A&W assault victim's pain still lingers
January 16, 2009 · Updated 11:22 AM
Though married now and living in North Carolina, one of two women a former Buck’s A&W manager was convicted of abusing says she has painful flashbacks every day of what happened to her at the Port Orchard restaurant.
“Port Orchard used to be my home, and now I feel physically ill going back there,” said Amanda Burton, who was a teen-aged Amanda Sandberg when James D. Border was arrested and later convicted of molesting her and another female co-worker.
“I left Port Orchard because I could not handle driving past A&W,” she said. “It was the best decision I could have made at that time.”
In 2004, Burton and Jennifer Johnson filed a lawsuit accusing Border, restaurant owner Rick Gehring and the business of sexual discrimination.
After Border settled out of court, a jury in July 2007 found Gehring and his wife did not “abet” Border, but that Buck’s A&W as a business did “subject both Burton and fellow plaintiff Jennifer Johnson to sexual discrimination.”
Until the settlement was reached, Burton was asked not to speak about the case. Now that the formal settlement was agreed to on Dec. 24, Burton can share her story.
When she began working at A&W in 2002, she was only 15 and excited about having her first job. At the time, Border was a manager, and while at first she “was terrified of him because he was so big ... and could fire me if he wanted,” Burton said soon the 6-4, 225-pound Border felt like an older brother to her.
“Until he started trying to massage my back every time I sat down for a break and commenting on my chest size,” she recalled. “In retrospect, I should have quit, but at the time I felt like I needed the job too much. I was using my paychecks to pay for my transportation to and from Olympic College, where I was a full-time Running Start student.”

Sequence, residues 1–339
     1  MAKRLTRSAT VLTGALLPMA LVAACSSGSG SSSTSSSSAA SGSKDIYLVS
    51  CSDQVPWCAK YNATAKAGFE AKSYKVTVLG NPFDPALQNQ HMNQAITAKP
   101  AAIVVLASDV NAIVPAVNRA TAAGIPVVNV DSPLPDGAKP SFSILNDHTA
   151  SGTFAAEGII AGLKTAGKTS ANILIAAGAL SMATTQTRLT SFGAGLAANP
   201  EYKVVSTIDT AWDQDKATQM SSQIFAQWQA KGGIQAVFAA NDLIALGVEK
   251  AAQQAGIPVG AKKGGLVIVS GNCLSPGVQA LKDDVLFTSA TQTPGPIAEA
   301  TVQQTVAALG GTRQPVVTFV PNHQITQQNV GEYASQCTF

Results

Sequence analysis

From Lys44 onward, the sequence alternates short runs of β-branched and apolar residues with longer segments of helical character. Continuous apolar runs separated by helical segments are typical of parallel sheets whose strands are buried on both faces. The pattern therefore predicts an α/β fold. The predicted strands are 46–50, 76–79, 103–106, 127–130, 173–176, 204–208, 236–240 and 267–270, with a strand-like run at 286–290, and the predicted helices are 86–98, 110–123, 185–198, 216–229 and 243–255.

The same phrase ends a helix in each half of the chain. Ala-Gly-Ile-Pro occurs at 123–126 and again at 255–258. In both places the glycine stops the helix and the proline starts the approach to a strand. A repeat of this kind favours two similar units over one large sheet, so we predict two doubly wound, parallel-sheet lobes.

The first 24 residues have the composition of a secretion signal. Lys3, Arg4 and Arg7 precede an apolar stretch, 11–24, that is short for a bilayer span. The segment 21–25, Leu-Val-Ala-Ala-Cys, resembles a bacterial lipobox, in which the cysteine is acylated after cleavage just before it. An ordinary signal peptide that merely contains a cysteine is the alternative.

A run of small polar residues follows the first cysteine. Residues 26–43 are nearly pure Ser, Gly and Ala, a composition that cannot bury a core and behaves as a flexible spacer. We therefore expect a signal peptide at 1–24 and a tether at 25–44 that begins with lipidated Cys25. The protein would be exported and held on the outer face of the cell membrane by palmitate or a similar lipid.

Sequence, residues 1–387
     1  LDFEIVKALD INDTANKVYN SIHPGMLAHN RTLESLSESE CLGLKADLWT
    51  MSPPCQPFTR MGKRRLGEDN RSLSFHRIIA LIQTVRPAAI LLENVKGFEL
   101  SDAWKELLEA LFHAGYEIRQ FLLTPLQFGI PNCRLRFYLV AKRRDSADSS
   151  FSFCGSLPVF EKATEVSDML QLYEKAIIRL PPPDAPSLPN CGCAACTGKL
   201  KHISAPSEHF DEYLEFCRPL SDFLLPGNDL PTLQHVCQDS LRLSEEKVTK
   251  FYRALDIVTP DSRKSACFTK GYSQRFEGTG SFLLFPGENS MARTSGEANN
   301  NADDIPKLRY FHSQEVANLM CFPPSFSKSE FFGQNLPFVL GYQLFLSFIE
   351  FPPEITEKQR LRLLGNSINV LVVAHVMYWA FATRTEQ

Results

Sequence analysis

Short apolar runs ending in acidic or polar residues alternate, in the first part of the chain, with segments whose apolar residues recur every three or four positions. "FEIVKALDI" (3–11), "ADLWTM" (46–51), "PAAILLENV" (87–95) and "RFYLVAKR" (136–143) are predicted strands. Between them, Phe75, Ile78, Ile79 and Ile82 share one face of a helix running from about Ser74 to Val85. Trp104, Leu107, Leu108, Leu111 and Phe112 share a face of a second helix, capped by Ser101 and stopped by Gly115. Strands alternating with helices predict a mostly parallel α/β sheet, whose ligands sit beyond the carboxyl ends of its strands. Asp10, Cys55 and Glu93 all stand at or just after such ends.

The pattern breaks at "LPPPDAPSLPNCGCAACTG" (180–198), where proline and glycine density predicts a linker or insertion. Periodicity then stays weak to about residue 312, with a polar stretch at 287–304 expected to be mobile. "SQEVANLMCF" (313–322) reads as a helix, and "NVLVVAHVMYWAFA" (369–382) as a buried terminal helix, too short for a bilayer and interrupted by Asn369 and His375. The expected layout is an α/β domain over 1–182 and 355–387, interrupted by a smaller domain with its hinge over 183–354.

Burton said other managers at the restaurant made inappropriate comments to her, as well, and after seeing two co-workers harassed, she said she “wrote a formal complaint to Gehring, but nothing was ever done.”
Gehring’s attorney, Kim Zak, said that any statements from Burton alleging that she had filed any complaints to Gehring prior to Border assaulting her were “absolutely false” and directly contradicted her testimony during the trial.
On the night of the incident, Burton said she stayed late at the restaurant with Border to clean the broiler.
When she was done with her work and getting ready to go home, she said Border came downstairs and forced himself on her.
Burton said she did not report the assault to Gehring because, after “he basically ignored my (earlier) complaint and the harassment continued, I felt like I couldn’t go to him or any other manager.”
After the assault, Burton said she began a downward spiral that caused her grades to drop so drastically that she received a letter of warning from Olympic College.
In January 2003, she attempted suicide.
When her father found her after that attempt, he contacted the Port Orchard Police Department. After an investigation, officers arrested Border — who by then was working at the Puget Sound Naval Shipyard — on Feb. 12, 2003.
Border was convicted of third-degree sexual misconduct with a minor and sentenced to 20 months in prison. After serving 12 months, he was released to live in South Kitsap and required to register as a Level 3 sex offender.
In the meantime, Burton graduated from South Kitsap High School in June of 2003 and earned her first associate’s degree from Olympic College that fall.
Despite Border’s arrest, Burton said she still felt justice had not been served, and in 2004 she decided to file the lawsuit.
“My lawsuit was not a McDonald’s coffee lawsuit,” she said. “My lawsuit was because of actual damages. My life was completely destroyed until I got counseling and started re-building it. I will have to live with this my whole life, and I have flashbacks daily.”
Burton has since moved on to earn a bachelor’s degree, serve four years in the U.S. Marine Corps and achieve the rank of sergeant.
She now works for the federal government at Camp Lejuene in North Carolina.
Burton said she was unaware that Buck’s A&W was in danger of closing until she read news stories online, along with many negative comments about her, Johnson and their lawyers.
“It has taken me a long time to get to the point where I am emotionally (healthy), and that week of reading those articles, the community’s comments to those articles and receiving messages from people really set me back,” she said. “I feel like the community turned against me without knowing all of the facts, and that hurt like a knife in the stomach.
“I realize that A&W has done a lot of good and has quite the history in Port Orchard,” she said. “However, I will never be able to forget what happened there to me and other girls. I can’t even look at a can of A&W root beer without feeling sick. In my opinion, the bad has outweighed the good in this particular situation.”